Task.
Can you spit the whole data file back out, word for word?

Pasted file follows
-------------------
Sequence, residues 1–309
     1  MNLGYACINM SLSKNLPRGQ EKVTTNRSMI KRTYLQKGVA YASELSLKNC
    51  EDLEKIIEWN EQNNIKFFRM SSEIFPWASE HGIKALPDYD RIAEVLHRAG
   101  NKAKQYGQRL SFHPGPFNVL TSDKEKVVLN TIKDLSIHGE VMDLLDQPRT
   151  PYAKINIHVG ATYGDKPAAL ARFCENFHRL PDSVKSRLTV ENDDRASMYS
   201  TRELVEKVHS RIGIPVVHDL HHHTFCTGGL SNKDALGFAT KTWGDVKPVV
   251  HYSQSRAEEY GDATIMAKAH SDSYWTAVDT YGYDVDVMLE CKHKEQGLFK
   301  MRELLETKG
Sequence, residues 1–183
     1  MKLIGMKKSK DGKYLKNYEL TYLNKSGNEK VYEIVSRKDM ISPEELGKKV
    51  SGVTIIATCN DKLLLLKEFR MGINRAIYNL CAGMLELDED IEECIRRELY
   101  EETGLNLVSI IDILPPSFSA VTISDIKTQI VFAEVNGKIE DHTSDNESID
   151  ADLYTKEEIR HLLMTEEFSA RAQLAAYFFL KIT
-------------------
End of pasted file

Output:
Sequence, residues 1–309
     1  MNLGYACINM SLSKNLPRGQ EKVTTNRSMI KRTYLQKGVA YASELSLKNC
    51  EDLEKIIEWN EQNNIKFFRM SSEIFPWASE HGIKALPDYD RIAEVLHRAG
   101  NKAKQYGQRL SFHPGPFNVL TSDKEKVVLN TIKDLSIHGE VMDLLDQPRT
   151  PYAKINIHVG ATYGDKPAAL ARFCENFHRL PDSVKSRLTV ENDDRASMYS
   201  TRELVEKVHS RIGIPVVHDL HHHTFCTGGL SNKDALGFAT KTWGDVKPVV
   251  HYSQSRAEEY GDATIMAKAH SDSYWTAVDT YGYDVDVMLE CKHKEQGLFK
   301  MRELLETKG
Sequence, residues 1–183
     1  MKLIGMKKSK DGKYLKNYEL TYLNKSGNEK VYEIVSRKDM ISPEELGKKV
    51  SGVTIIATCN DKLLLLKEFR MGINRAIYNL CAGMLELDED IEECIRRELY
   101  EETGLNLVSI IDILPPSFSA VTISDIKTQI VFAEVNGKIE DHTSDNESID
   151  ADLYTKEEIR HLLMTEEFSA RAQLAAYFFL KIT